To complete the risk assessment validation portion of the project, CEPP partnered with Dr. Tammy Meredith of Applied Research Services (ARS) to conduct a data-driven analysis of the Parole Board’s discretionary parole instrument – the assessment of public safety risk (PRA) tool. To evaluate the effectiveness of this tool as part of Rhode Island’s parole decision guidelines, Dr. Meredith focused her research on the 42 percent of total offenders who were eligible for parole in 2012. Of all 1,407 parole-eligible offenders, 28 percent were ultimately released on parole supervision. Within three years, 50 percent of those on parole had been convicted of a new crime or had violated their parole/probation – meeting RIDOC’s official definition of recidivism. Dr. Meredith’s challenge was to use that target group to validate and, if necessary, improve the PRA tool’s ability to predict recidivism and identify those offenders representing the greatest public safety risk.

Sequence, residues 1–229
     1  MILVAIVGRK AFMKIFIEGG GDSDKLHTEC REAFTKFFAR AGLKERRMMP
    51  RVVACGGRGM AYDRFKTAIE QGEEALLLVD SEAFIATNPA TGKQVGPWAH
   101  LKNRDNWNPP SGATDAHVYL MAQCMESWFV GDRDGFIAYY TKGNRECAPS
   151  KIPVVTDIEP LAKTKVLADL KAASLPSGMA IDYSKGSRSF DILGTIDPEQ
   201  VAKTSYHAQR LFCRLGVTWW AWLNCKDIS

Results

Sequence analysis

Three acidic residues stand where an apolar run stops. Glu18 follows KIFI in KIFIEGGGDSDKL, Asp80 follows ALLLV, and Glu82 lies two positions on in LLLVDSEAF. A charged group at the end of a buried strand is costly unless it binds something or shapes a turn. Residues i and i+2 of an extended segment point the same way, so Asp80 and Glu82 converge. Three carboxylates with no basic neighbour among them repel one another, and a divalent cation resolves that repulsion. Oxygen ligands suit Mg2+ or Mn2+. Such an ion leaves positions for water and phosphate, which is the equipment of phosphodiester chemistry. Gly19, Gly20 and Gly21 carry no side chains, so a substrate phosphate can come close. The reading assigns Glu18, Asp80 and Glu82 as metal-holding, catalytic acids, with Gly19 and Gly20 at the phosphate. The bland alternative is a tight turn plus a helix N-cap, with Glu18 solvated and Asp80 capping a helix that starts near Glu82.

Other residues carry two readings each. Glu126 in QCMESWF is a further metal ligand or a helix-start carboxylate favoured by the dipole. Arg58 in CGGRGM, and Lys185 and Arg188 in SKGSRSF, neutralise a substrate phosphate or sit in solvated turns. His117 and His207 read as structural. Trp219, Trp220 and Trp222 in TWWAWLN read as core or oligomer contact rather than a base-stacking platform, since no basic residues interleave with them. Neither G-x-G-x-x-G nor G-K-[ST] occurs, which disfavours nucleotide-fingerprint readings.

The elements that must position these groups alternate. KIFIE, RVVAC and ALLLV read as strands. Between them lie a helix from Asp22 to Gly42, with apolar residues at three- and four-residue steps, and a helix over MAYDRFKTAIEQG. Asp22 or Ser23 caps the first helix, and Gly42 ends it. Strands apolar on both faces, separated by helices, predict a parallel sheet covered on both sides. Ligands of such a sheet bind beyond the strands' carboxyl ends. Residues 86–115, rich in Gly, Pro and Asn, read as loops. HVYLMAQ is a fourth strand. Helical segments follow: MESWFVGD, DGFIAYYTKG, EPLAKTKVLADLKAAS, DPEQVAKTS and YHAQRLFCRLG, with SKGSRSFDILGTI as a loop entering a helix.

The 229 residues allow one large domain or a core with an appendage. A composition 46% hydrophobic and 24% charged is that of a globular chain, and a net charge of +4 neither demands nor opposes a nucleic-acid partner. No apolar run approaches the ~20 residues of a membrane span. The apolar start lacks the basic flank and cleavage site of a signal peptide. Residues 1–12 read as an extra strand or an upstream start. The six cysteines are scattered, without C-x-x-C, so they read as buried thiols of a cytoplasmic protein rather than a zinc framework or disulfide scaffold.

In updating the PRA tool, Dr. Meredith also considered scores from RIDOC’s Level of Service Inventory-Revised (LSI-R) assessment tool of risk and criminogenic needs, a corrections tool used to inform programming needs and intervention services based on predictions of future criminality. Both the PRA and LSI-R tools used indicators such as basic demographic information, admission type, sentence length and type, offense type, and release type. In addition, eight risk factors, such as commitment offense type and past history of violent assault, informed the PRA model’s scores, grouping parole-eligible offenders by low risk, moderate risk, high risk, or unknown risk of recidivism. Dr. Meredith found that nearly half of the offenders were categorized as “low risk,” and that number increased when accounting for gender, resulting in nearly two-thirds of female offenders grouped into the “low risk” category. Despite these characterizations, the corresponding LSI-R scores indicated that more than half of the parole-eligible offenders fell into the moderate to high categories of risk/needs. Therefore, while there was some overlap between the risk categories of the PRA and LSI-R tools, the discrepancies, especially regarding the differences in rates for male offenders and female offenders, led Dr. Meredith to examine which risk factors could predict recidivism alone, and which combination of factors could improve that prediction.